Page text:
Skip Navigation LinksCare-Delivery-System

Advertising Disclaimer

Care Delivery System

 

​​​​At a corporate level, most health plans are on record saying that the medical home model has promise for reducing cost and raising quality. Health plans may be preparing to support the medical home, but it seems that many will not be content to simply offer increased payment for recognized Patient Centered Medical Homes (PCMH) sites. Instead, many plans have ambitions to play a robust, ongoing role in the design and delivery of medical home services. This would help ensure that the health plan's contributions become a key part of the overall value proposition of any future medical home network or product. The provider-facing medical home formulas they are testing are surprisingly complex and often include both financial and operational components as abbreviated below:

  • Financial support mechanisms usually combine three common building blocks: fee schedule enhancements, per-member-per-month payments for care management, and primary care pay-for-performance. (Total value across contracts varies wildly.)

  • Operational support approaches range from hands-off to hands-on, with some plans going so far as to manage care teams or embed plan-employed care managers in practices. Some plans have also entered into information technology partnerships that invite or require providers to use payer-sponsored care management information services and tools as part of the medical home contract.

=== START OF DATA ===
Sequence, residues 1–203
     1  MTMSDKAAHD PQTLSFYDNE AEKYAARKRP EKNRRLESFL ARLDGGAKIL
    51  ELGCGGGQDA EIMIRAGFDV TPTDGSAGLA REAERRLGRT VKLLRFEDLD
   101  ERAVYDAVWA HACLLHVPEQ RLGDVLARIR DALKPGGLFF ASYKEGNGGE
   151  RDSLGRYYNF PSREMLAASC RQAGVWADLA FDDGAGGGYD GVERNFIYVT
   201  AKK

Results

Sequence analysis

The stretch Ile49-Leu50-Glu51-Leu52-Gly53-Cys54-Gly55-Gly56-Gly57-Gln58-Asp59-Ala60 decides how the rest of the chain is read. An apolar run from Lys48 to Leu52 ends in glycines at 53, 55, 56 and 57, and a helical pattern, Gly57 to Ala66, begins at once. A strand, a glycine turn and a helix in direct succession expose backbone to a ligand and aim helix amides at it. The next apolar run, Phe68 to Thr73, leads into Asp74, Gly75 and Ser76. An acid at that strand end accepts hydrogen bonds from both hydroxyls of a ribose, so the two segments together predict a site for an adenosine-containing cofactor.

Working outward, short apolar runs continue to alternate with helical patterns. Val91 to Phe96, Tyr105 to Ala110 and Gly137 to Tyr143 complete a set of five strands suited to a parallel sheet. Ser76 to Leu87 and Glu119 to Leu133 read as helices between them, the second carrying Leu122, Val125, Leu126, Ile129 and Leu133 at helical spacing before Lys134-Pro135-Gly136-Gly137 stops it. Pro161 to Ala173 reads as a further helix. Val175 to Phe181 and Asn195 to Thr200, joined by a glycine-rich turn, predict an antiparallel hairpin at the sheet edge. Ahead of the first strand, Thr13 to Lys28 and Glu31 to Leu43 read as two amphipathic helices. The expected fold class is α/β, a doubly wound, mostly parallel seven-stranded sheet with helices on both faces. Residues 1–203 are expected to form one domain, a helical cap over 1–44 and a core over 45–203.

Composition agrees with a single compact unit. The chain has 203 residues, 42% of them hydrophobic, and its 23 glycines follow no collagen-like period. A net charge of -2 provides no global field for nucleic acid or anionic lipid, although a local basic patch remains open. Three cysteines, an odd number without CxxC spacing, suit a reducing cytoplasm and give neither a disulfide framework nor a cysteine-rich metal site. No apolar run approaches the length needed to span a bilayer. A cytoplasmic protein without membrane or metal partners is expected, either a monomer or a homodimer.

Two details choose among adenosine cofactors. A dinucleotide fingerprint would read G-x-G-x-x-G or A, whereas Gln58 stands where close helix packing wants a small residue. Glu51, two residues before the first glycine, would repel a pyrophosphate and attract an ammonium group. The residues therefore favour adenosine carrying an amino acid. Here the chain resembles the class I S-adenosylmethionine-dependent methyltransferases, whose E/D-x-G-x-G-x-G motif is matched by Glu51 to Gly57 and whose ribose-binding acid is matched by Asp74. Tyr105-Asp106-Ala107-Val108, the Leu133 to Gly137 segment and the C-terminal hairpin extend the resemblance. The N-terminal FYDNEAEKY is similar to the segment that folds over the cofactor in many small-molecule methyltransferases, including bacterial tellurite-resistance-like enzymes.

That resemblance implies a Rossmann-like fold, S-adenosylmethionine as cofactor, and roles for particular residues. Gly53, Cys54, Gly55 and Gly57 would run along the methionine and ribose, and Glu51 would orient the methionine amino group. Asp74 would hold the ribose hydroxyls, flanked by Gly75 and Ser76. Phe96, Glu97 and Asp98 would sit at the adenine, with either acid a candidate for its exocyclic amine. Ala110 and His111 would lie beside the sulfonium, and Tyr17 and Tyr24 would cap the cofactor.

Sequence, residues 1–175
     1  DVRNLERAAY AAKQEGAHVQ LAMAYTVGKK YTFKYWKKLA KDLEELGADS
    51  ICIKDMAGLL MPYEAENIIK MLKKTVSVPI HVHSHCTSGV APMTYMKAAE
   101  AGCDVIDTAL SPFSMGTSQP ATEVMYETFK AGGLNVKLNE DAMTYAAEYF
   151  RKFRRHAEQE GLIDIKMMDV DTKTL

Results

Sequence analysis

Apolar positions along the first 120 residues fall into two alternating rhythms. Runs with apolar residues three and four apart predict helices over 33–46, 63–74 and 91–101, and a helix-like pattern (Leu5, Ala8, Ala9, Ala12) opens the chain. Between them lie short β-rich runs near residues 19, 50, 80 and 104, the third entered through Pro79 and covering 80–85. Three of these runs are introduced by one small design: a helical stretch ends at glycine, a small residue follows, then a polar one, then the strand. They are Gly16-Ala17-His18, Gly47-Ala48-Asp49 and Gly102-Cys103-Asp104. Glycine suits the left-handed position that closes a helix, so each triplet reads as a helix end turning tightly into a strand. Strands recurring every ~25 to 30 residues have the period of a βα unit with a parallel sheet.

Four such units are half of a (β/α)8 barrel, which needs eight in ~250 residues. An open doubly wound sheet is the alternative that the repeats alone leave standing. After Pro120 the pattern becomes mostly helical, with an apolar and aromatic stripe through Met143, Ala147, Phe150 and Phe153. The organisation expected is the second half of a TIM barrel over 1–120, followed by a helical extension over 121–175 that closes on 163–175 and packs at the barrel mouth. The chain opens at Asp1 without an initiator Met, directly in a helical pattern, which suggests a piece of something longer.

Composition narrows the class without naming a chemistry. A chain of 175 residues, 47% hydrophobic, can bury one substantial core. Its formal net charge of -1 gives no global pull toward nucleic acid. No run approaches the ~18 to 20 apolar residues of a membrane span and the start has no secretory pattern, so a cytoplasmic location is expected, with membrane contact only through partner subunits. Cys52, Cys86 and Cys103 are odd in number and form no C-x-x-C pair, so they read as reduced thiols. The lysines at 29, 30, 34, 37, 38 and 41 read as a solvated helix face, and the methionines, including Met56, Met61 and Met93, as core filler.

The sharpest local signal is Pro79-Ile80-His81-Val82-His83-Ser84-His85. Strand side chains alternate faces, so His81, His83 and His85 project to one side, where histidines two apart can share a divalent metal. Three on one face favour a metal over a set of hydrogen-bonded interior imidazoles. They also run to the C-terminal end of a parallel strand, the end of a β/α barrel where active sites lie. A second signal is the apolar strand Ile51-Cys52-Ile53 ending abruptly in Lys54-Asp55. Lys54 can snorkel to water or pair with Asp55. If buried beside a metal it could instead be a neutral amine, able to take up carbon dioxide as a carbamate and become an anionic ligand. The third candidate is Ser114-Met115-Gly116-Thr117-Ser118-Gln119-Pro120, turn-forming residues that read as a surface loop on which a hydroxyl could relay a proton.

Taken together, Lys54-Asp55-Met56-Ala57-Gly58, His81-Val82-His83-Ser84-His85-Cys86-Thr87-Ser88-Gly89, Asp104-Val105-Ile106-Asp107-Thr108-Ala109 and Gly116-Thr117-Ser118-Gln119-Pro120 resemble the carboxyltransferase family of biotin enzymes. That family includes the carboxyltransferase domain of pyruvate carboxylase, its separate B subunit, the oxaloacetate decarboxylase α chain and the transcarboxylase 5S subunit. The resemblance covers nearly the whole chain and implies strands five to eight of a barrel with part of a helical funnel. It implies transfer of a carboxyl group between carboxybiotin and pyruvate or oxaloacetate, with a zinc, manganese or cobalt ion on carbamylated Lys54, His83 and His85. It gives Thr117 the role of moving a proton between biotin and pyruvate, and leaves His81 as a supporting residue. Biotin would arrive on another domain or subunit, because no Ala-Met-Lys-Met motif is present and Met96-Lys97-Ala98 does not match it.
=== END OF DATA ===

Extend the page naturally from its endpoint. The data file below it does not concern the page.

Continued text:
PCMH models are evolving toward rewarding primary care practices for reductions in total spending for patients continuum-wide. Under this approach, primary care physicians are incentivized for doing things that help reduce avoidable hospitalizations, emergency department visits, and inappropriate specialty care use.

Nationwide, health systems are taking a few key steps to ensure immediate-term financial sustainability, including:

  • Focusing on growth strategies ranging from increasing Primary Care Physician (PCP) panel size to entering narrow networks to backfill specialty and hospital volumes.

  • Steering self-insured employees and families to PCMHs to capture cost reduction/quality improvement benefits

  • Targeting Medicaid/uninsured populations for early rollout of PCMH services.

  • Building joint-negotiating capacity through clinically integrated physician-hospital organizations (PHOs) and integrated health care delivery systems. 

  • Negotiating aligned incentives across the full continuum of care—for example, implementing performance incentives for avoiding preventable hospitalizations that offset decreased volume.

Taking a long-term view, most observers agree that a transformed primary care network is essential for any health system looking to take on population-level risk in the future. Therefore, systems investing in the PCMH model, even though accountable care incentives may not be available at the system level yet, are using the shorter-term steps as a bridge to navigate the transition period between current and future contracting incentives. To learn more visit PCPCC: The PCMH and Delivery System Reform.

print